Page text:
Laurel sumac (Malosma laurina) is a large shrub that bears bright green foliage all year. Large clusters of cream flowers appear in the summer. The leaves tend to fold up along the midrib, especially during dry weather; this reduces exposure to the drying sun and gives laurel sumac its other common name – taco plant.
Other Common Names:
taco plant, California sumac
Laurel sumac is an evergreen shrub or small tree, usually less than 15 feet (4.5 m) tall. It has a strong, pungent, green odor – neither sweet nor sage-like, but a bit like the much weaker odor of bush sunflower.
Leaves are generally 3-5 inches (7.5-12.5 cm) long, 2-3 inches (5-7.5 cm) wide, tapered to a point, with reddish midveins, petioles, and young twigs. New leaves are red-bronze in color. Leaf margins are smooth (not toothed). Leaves are more or less folded up along the midvein resembling a taco shell.
Flowers are small, 5/64-13/64 inches (2-5 mm) across and whitish, sometimes tinged with pink or green. Flowers are arranged in a terminal, multi-branched clusters, often pyramidal in shape, up to 8 inches (20 cm) in length. Although all flowers have male stamens and female pistils, only one sex or the other is functional. Some plants bear only functional male flowers; other plants bear fertile female flowers with occasional functional male flowers present. Flowers occur in June – July.1 Skeletal ghosts of old flower clusters persist for some time, giving a unique look to this species.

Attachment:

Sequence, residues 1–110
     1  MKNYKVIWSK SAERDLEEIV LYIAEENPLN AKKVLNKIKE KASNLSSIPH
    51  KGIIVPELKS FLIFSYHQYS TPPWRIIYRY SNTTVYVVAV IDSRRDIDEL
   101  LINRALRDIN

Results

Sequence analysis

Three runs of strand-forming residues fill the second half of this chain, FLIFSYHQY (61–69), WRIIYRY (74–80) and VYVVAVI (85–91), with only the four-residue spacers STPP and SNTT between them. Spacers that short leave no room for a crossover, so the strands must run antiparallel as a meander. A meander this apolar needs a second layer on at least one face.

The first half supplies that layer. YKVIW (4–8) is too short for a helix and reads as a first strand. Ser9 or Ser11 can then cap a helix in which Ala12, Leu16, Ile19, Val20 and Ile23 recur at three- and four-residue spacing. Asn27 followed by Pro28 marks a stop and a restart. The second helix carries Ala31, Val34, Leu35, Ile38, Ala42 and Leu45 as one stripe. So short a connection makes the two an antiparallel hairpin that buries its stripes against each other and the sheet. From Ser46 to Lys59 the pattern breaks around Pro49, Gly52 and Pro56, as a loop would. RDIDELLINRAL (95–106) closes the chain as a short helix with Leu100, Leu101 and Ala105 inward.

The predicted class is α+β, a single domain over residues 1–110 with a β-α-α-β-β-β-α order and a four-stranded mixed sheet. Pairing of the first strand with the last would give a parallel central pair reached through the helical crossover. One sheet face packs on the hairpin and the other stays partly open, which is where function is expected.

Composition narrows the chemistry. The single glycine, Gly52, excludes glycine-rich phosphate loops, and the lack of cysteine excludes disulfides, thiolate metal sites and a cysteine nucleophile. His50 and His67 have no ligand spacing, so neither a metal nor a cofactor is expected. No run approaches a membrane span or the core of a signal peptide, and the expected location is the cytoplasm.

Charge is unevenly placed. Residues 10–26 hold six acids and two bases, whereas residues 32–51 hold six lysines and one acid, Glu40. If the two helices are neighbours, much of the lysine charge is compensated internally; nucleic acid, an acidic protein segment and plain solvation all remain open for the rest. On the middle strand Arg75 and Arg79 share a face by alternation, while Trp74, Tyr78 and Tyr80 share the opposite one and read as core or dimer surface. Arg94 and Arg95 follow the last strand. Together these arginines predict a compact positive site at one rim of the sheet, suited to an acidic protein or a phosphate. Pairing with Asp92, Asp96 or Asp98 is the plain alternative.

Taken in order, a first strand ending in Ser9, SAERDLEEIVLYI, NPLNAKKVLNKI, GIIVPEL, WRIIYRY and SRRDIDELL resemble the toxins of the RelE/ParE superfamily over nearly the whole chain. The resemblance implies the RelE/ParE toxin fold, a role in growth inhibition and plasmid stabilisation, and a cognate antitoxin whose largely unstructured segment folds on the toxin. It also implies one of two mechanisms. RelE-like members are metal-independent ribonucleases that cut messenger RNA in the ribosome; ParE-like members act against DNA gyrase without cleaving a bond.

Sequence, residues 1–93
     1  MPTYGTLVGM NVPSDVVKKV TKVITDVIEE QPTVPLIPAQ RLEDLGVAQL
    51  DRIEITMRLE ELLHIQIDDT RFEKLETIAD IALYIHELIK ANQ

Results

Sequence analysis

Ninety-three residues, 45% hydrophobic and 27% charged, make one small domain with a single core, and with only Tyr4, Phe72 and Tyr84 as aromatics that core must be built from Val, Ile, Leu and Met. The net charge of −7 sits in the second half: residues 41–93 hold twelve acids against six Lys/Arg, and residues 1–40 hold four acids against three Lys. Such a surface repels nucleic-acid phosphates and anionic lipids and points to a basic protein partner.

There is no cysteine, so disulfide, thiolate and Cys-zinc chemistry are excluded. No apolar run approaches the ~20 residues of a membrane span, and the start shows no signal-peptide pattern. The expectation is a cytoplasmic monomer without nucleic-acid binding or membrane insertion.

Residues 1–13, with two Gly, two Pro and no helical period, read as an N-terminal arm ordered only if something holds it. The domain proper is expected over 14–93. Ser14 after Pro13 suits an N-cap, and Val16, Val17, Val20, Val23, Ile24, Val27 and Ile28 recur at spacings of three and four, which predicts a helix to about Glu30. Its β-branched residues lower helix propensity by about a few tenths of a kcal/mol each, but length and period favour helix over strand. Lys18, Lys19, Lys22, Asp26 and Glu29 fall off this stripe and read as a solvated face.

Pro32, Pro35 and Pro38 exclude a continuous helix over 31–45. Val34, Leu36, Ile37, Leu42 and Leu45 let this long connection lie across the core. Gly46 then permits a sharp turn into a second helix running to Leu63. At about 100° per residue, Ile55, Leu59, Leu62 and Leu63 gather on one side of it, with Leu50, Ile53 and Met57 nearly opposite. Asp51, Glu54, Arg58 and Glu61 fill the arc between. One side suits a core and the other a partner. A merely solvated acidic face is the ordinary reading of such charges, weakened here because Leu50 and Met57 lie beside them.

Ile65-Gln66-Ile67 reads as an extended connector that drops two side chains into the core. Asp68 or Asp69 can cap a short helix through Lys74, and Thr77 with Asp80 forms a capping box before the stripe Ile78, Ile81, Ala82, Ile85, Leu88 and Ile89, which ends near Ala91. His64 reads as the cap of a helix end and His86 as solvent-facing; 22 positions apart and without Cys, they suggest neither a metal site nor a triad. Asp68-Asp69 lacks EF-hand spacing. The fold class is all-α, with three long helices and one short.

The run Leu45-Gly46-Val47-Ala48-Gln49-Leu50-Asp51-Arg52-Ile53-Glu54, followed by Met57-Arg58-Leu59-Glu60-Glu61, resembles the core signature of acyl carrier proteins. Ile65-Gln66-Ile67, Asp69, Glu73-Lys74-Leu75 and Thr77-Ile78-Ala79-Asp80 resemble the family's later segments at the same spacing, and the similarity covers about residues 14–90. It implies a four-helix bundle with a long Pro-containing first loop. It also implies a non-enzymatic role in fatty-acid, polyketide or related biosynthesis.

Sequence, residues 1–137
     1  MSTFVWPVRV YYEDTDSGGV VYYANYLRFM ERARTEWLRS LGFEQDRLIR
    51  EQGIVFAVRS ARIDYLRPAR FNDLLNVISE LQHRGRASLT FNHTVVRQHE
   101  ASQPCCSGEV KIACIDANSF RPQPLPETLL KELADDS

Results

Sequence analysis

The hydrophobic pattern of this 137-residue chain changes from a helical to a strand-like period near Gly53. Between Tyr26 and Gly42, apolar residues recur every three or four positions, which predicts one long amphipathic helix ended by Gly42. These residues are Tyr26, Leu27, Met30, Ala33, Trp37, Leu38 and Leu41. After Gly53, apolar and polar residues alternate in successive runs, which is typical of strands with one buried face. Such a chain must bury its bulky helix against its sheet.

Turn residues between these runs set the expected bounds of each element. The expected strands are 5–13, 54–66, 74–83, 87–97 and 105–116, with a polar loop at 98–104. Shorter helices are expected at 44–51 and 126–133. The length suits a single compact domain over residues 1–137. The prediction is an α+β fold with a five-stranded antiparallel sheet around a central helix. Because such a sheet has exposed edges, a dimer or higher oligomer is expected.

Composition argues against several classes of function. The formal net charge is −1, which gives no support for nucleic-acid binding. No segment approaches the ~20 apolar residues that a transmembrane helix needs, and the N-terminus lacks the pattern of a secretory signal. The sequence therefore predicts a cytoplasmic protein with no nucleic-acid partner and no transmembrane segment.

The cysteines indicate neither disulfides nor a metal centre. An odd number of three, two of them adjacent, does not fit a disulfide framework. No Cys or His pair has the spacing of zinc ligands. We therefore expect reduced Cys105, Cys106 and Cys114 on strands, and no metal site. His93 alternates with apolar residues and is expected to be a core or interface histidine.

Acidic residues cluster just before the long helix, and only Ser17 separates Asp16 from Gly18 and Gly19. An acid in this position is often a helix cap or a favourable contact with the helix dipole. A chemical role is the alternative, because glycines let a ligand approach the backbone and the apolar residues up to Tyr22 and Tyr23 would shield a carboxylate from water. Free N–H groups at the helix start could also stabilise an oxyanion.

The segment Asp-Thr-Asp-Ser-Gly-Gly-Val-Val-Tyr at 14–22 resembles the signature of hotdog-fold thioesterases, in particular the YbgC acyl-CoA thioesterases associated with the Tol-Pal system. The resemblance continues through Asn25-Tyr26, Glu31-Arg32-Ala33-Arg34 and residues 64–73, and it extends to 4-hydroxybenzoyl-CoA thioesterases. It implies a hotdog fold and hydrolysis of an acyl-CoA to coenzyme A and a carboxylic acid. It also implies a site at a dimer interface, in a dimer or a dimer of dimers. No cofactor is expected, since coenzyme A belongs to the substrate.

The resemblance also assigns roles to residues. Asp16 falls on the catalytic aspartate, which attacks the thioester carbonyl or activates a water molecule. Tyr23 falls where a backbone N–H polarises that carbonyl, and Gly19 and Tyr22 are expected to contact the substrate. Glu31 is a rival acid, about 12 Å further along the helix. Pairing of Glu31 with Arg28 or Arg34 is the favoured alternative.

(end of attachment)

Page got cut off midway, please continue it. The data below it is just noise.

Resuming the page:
Fruits are small, about 1/10 inch (2.5-3 mm), and fleshy, enclosing a single seed. Fruits are red when young, aging to white.
Laurel sumac is native to southern California and Baja California. It is also found on the southern Channel Islands. It is common in chaparral and coastal sage scrub below 3300 feet (1000 m).
Laurel sumac is common in the Reserve, often occurring as isolated shrubs or small trees in the coastal sage scrub along the trails. Several large shrubs may be seen near the Santa Helena trailhead.
Laurel sumac is a dicot angiosperm in the sumac family, Anacardiaceae. Members of this family have small, five-petaled flowers, each of which produces one seed with a hard seed coat that is surrounded by fleshy tissue or some form of gelatinous coating (such a fruit is called a drupe).
Many members of the Anacardiaceae, such as poison oak and poison ivy, contain urushiol, which produce severe contact dermatitis. A few people have such a reaction to laurel sumac. Other members of the family, such as cashews and mangos are familiar food crops.
Laurel sumac is the only member of the Malosma genus to occur in the Reserve, but other family members are present, including the closely related lemonade berry (Rhus integrifolia) and poison oak (Toxicodendron diversiloba).
Alternate Scientific Names:
Most evergreen shrubs of the coastal sage scrub and chaparral, reduce water loss through leaves with leaves that are small, thick and waxy.13,36 Leaves of laurel sumac are somewhat larger and thinner, and they fold up along the midrib,27 giving laurel sumac its other common name – taco plant. This folding reduces the surface to volume ratio as well as exposure to the drying sun,100 and simultaneous curling downward along the midvein may direct condensed moisture down toward the roots.59
Laurel sumac has a deep taproot; one extended more than 43 feet (13 m) into the ground.5,39 Thus, this plant can access deep groundwater and maintain its lush appearance throughout the summer, when most of the neighboring vegetation is dormant.
Some people are allergic to laurel sumac, developing an itchy skin rash after contact.8